U.S. officials are giving the state Department of Children's Services more leeway in spending money intended for foster children — to keep children out of foster care.
Until now, DCS has had to spend approximately $40 million in annual federal dollars, known as federal Title IV-E funds, to pay foster parents and provide services to kids who have already been taken from their families and placed into state custody.
Beginning next October, the agency will be able to use those funds to help keep kids home with their own families. The agency will be able to buy emergency food, help with housing or provide more intensive help that could include counselors going to a home several times each week.
The change comes as the federal government has begun to give more state child welfare systems such "waivers" to spend grants on a wider variety of interventions designed to keep kids safely out of the foster care system. In Tennessee, about 7,300 kids are in foster care.
"The waiver represents a real opportunity for Tennessee as we continue to work to keep our kids safe, make them healthy and get them back on track," said DCS Commissioner Jim Henry. "It also demonstrates that DCS is committed to finding innovative, effective solutions to help keep families together."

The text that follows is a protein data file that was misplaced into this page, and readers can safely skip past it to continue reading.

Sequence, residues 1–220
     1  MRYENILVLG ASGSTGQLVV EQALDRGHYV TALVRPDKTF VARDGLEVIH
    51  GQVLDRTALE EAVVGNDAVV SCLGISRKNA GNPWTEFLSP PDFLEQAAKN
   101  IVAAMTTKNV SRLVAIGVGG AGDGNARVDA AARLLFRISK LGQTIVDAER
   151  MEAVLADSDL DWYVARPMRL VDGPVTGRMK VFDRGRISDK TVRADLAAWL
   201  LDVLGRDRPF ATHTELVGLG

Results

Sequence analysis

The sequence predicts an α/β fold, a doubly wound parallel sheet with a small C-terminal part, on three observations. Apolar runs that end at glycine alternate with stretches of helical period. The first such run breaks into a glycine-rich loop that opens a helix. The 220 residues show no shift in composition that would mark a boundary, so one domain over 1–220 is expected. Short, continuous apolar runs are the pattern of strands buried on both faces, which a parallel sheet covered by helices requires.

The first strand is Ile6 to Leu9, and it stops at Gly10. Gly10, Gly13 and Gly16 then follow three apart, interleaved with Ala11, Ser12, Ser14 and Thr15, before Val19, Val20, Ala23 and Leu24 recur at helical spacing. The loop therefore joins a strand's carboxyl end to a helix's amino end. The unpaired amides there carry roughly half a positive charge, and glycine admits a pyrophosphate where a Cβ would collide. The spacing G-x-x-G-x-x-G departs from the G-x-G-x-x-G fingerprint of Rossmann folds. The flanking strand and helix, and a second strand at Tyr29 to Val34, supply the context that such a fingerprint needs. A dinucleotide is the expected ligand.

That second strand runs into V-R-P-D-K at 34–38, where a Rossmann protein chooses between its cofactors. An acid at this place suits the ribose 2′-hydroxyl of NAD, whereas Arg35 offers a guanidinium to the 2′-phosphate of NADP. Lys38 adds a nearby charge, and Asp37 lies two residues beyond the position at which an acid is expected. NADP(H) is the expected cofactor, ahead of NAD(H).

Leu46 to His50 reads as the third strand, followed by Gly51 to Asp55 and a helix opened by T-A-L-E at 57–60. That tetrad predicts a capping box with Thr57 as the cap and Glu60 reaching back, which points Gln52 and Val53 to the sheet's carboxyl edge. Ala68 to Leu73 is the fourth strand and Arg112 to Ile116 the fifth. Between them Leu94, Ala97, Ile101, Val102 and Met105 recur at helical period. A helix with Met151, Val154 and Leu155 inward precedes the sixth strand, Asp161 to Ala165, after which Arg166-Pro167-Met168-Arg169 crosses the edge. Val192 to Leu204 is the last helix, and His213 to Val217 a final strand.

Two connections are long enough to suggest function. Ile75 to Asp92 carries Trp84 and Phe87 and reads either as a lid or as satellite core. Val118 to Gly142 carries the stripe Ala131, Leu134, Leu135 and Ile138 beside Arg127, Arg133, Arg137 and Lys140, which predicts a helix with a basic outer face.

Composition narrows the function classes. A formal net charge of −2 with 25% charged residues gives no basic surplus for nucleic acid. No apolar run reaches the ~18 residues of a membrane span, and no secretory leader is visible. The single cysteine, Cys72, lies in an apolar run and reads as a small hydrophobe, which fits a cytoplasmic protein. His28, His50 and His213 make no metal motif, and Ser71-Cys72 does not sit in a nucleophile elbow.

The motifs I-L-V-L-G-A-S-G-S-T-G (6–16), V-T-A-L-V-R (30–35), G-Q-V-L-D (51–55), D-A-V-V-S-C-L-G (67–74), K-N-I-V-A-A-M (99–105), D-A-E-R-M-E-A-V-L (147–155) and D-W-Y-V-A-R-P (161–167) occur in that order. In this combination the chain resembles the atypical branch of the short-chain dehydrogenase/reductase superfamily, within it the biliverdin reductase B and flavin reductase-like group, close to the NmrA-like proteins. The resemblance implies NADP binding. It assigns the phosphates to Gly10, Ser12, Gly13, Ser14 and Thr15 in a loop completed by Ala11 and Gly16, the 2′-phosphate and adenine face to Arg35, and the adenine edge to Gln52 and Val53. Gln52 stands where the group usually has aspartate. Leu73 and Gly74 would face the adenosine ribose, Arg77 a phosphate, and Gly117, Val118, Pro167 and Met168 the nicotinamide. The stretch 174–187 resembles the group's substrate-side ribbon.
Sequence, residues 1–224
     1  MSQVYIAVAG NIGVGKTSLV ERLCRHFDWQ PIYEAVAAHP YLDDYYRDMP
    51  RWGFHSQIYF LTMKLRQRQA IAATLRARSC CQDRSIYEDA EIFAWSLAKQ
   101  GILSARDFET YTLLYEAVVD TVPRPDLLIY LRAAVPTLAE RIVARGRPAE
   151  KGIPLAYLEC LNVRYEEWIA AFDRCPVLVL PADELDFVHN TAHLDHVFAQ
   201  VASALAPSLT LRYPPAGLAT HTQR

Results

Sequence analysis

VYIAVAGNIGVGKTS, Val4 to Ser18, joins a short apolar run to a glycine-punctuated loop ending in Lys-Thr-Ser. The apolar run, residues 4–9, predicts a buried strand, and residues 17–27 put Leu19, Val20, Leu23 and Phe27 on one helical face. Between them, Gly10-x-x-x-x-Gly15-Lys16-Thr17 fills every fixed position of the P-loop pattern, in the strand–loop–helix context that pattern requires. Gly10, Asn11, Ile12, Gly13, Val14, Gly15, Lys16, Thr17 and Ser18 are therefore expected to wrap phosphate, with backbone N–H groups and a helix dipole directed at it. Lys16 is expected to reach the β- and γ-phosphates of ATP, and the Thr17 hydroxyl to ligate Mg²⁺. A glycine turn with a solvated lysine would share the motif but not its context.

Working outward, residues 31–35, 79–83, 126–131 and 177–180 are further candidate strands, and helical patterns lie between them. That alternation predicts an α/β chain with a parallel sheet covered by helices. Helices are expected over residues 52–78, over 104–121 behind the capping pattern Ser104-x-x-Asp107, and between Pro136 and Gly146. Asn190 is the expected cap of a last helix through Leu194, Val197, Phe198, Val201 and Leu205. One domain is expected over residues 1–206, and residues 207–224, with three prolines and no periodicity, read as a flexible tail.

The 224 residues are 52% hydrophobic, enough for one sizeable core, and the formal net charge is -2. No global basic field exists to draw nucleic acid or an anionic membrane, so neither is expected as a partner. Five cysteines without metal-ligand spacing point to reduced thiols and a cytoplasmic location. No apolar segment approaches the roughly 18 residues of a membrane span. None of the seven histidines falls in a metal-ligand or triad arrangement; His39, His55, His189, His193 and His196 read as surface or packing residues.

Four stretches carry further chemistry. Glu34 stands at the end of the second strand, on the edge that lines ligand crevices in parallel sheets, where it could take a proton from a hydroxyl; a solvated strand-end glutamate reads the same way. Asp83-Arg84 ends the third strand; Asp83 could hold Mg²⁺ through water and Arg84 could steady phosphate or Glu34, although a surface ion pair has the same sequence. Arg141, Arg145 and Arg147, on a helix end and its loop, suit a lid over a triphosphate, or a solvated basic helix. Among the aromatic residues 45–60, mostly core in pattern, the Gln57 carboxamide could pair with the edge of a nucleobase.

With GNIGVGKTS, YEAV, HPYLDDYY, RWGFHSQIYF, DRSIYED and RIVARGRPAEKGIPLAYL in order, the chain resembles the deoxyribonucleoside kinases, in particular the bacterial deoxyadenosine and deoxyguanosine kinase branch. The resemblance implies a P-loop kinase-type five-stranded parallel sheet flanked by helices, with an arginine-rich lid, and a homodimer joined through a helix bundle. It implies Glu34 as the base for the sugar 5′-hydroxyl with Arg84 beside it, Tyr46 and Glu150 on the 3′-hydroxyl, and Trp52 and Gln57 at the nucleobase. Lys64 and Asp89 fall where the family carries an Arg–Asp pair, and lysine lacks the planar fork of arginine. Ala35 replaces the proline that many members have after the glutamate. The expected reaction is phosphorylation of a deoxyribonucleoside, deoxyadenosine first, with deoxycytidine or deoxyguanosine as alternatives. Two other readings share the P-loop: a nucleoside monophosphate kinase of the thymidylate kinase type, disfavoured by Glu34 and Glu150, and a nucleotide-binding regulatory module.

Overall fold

As part of the new federal waiver, DCS expects to receive up to $245 million from the federal government over five years to spend on both foster care and families at risk for having children removed from the home.
Rob Johnson, a spokesman for DCS, said the grant keeps the funding levels about the same as DCS has typically been getting. Johnson said DCS won't be cutting back on funds for foster kids.
"The waiver doesn't represent a decrease in money available to foster children," he said. "It gives us more flexibility to use those dollars in other ways that produce good outcomes for kids."
Tennessee is one of seven states, plus the District of Columbia, selected this year by the U.S. Department of Health and Human Services to take part in a federal pilot project that is changing the way child welfare systems are funded.
The other states are Hawaii, Idaho, Montana, Nebraska, New York and Rhode Island. Last year, nine states received the waiver: Arkansas, Colorado, Illinois, Massachusetts, Michigan, Pennsylvania, Utah, Washington and Wisconsin.